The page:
Let's take a different approach. Part of logical positivist epistemology—the "logical" part—regarded mathematical statements as truths that can be known precisely because they are, ultimately, tautological. The whole intimidating edifice (Russell's phrase for Hegel) of modern mathematics is, in this view, simply a restating, or at best a following out, of axioms. Seen in this way, the complexities of any branch of mathematics could, by a sufficiently comprehensive mind, be immediately surmised from its axioms. If you understand that A is B and B is C, you already understand that A is C; you may not have stopped to draw out the steps, but when presented with the claim A = C, no new calculation was required per se. You already "got" that.

Positivism took it on the chin, and nobody much credits it any more. I am one of the few holdouts. But just grant for the moment their claim that math is an exercise in symbolic logic, and that any mathematical formalism is a tautology whose conclusions are, in a real sense, implicit in its axioms. Imagine, now, an "axiom bundle" as the sharp tip of an enormous glacier of implications. If the premise embedded in the tip is true of anything at all in the real world—any recurrent pattern, any stable quantity—then so is the glacier.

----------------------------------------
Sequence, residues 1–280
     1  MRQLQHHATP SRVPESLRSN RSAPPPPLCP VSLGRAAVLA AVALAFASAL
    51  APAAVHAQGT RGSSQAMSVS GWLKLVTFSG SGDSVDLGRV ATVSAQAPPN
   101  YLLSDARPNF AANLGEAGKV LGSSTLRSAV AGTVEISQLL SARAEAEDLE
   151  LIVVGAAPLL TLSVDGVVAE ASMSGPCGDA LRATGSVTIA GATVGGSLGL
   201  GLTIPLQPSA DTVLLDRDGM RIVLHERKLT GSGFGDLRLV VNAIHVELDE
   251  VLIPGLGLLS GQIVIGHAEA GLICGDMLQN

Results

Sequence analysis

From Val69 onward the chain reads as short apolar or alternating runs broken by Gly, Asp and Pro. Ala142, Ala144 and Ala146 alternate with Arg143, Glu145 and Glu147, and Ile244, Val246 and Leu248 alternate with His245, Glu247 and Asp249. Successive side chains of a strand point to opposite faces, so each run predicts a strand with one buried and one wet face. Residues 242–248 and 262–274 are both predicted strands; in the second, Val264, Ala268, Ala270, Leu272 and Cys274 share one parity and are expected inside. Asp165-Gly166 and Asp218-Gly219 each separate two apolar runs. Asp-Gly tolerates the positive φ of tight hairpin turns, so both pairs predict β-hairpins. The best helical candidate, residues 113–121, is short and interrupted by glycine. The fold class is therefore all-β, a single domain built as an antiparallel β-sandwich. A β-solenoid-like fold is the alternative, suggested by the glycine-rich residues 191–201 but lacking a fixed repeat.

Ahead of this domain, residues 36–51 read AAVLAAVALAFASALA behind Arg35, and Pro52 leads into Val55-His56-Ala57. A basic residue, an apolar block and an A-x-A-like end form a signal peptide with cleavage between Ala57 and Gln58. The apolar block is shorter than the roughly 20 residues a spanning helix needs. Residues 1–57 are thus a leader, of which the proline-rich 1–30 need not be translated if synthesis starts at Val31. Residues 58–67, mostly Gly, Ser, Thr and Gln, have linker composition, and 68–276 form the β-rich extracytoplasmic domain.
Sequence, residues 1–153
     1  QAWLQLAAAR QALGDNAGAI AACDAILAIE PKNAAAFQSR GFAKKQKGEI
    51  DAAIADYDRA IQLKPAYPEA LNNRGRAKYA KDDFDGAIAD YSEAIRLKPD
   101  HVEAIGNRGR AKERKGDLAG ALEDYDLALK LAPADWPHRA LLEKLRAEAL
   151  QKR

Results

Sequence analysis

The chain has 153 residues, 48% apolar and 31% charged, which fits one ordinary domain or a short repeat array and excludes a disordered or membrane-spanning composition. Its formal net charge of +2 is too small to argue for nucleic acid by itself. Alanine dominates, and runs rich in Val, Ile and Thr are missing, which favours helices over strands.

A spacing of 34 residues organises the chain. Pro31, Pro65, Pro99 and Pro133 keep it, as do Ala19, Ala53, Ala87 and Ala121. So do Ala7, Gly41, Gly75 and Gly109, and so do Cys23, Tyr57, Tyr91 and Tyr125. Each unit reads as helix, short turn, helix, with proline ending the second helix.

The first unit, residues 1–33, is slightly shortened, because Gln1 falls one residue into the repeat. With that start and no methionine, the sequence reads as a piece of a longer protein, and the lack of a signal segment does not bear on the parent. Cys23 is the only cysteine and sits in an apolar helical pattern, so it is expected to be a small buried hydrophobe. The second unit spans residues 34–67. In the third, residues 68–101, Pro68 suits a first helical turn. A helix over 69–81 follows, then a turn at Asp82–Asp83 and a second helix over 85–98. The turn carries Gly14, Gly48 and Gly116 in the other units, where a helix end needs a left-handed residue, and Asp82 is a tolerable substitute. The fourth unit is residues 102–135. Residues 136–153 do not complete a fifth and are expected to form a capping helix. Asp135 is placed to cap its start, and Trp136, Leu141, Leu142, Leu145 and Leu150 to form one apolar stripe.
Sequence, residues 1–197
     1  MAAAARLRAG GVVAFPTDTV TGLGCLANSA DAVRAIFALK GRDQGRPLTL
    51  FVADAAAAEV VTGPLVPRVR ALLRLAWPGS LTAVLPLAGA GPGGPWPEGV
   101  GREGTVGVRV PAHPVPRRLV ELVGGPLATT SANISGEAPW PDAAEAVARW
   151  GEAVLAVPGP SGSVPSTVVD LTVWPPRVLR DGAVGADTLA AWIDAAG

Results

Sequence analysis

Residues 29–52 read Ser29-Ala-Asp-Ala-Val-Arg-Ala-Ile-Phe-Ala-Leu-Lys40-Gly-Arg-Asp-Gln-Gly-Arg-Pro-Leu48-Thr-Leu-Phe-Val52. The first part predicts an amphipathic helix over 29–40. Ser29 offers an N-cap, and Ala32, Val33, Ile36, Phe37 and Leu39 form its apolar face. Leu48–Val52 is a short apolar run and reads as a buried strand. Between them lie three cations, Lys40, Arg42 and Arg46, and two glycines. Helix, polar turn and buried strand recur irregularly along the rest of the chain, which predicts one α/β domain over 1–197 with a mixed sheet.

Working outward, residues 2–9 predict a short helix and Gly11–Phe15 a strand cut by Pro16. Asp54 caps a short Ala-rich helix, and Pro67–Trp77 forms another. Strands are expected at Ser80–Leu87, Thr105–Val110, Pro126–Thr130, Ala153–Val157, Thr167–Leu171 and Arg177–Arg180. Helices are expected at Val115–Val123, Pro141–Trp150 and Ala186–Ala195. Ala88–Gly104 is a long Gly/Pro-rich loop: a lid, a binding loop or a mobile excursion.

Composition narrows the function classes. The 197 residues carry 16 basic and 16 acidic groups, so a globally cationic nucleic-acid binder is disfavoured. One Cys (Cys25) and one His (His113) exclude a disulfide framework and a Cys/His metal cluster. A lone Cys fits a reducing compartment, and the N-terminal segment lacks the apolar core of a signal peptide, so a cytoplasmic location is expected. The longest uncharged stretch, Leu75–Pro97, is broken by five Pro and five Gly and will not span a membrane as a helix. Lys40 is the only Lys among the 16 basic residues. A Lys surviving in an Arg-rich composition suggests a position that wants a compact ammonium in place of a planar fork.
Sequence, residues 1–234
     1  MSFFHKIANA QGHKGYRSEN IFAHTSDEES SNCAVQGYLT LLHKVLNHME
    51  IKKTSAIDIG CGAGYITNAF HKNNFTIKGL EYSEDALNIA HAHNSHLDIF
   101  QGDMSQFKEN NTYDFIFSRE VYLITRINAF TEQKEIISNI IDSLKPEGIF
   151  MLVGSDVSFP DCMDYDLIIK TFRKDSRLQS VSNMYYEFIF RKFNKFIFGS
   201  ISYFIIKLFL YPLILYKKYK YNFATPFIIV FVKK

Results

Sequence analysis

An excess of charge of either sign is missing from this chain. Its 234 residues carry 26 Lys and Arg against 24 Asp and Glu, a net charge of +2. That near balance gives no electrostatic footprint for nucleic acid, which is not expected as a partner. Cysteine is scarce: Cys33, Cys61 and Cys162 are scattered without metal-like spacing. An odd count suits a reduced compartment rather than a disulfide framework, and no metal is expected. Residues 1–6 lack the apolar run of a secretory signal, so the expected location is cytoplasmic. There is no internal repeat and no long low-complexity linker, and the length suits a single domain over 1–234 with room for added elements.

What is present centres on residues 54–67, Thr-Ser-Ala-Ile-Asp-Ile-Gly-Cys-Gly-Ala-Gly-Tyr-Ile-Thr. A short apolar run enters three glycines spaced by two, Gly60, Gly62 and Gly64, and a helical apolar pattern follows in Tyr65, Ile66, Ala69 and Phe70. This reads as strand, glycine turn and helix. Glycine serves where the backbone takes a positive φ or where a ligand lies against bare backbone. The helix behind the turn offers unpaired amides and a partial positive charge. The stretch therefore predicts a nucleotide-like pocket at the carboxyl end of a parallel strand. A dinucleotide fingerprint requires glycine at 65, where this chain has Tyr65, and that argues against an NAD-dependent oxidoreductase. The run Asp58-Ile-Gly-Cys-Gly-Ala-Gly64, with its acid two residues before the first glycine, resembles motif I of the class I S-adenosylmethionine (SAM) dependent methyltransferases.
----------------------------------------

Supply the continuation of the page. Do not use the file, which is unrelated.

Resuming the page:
Wigner looks at the glacier and says: Wow! Look at all the things in nature that are mathematical! I'm saying: What you actually mean is that the axiom tip happened to correspond to at least one kind of natural thing.

Is that such a wonder?


To return to our first metaphor, if we poke Wigner's key all over the house, eventually we may find a lock, then be amazed that we have a key and nature has a lock. If all the locks in the house are versions of the first lock, of course, we shouldn't be surprised when the key keeps working; in a sense, we keep repeating the same procedure. But it doesn't follow that we are understanding all that much about the house.